Estonia Relaunches Plans for Estcoin, Says It’s Not a Euro Competitor
September marked an important month for Estonia. The region introduced plans for the “Estcoin”, a cryptocurrency designed to augment the nation’s e-residency program, thus allowing citizens to garner investments in the country’s growth. Although the E.U. and European Central Bank quickly nixed the plan at the time, it seems the Estcoin could be coming back.
Too Many Unanswered Questions
The Estcoin was rejected by European Union authorities, particularly European Central Bank (ECB) head Mario Draghi, who stated the currency would draw competition to the euro and that no member of the E.U. held the right to issue national currencies in the first place.
The plan was struck down almost as swiftly as it was introduced, and it seemed Estcoin had disappeared for good.
But now, the digital currency is making its way back into the headlines. Founder of Estonia’s e-residency program Kaspar Korjus has introduced a lengthy post discussing how the coin could potentially work, and the uses it has for bringing the nation forward.
Three Big Points About Estcoin
For one thing, Korjus said e-residents have already brought €1.4. million ($1.6 million USD) to the country directly, and investments are poised to surpass one billion euros by 2025. The Estcoin isn’t necessarily designed to compete with the euro, he reassured, just give businesses a chance to thrive and bring the advantages of crypto to the world of fiat.
“By not embracing crypto, governments are failing to unlock a powerful driver of economic growth and risk losing relevance entirely,” Korjus explained.
Additionally, Estcoin would serve as an “identity coin” and allow e-residency members to log into services safely and digitally sign documents. Coins would always be linked to the owners, thus disallowing their trading and selling.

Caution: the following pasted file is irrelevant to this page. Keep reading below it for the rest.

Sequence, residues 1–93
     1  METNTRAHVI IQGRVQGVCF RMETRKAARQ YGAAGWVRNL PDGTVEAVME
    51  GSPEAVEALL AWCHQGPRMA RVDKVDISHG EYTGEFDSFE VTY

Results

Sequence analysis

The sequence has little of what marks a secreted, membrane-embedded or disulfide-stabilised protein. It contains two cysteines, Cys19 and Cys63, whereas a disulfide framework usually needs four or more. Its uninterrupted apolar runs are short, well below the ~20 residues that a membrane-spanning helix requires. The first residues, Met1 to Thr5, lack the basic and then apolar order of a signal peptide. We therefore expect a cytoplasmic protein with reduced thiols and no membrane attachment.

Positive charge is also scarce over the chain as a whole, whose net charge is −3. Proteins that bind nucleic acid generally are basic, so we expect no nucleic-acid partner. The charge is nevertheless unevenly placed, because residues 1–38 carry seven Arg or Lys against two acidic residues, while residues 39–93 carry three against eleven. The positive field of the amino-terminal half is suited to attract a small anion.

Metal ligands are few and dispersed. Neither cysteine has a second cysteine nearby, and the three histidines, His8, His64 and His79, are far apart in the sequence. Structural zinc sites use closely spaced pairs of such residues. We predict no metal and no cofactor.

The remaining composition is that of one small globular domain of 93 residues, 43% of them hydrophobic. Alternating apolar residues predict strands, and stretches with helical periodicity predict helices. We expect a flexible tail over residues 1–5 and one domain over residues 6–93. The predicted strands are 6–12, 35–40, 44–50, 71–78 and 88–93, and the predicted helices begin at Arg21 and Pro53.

Lastly, Estcoin would work as a “community” token. Korjus added:
“The community Estcoin would be structured to support the objective of growing our new digital nation by incentivizing more people around the world to apply for and make greater use of e-residency. This includes encouraging investors and entrepreneurs to use e-residency as their platform for trusted ICO (initial coin offering) activity.”
A Few More Obstacles to Overcome
While Korjus has garnered interest from the private sector, government regulators have been hesitant to issue their support. The euro still serves as the nation’s official currency, and they’re unsure how Estcoin could affect it in the long run.
Still, Korjus isn’t giving up hope, and he’s confident the coin will garner the attention it deserves.
“Change is coming,” he stated with confidence. “Crypto tokenization will alter the nature of our world whether we act or not, so we must ensure we are taking a lead, and that is already happening in Estonia.”
Estonia is not the first nation to study the advantages of a nationally-issued cryptocurrency. Countries like Venezuela and Russia have already introduced residents to the “petro” and the crypto-ruble respectively, while Japan and Sweden have also mulled creating national cryptocurrencies of their own. Australia has also toyed with the idea, though plans have yet to be solidified.
Will Estcoin receive the backing it requires? Post your comments below.
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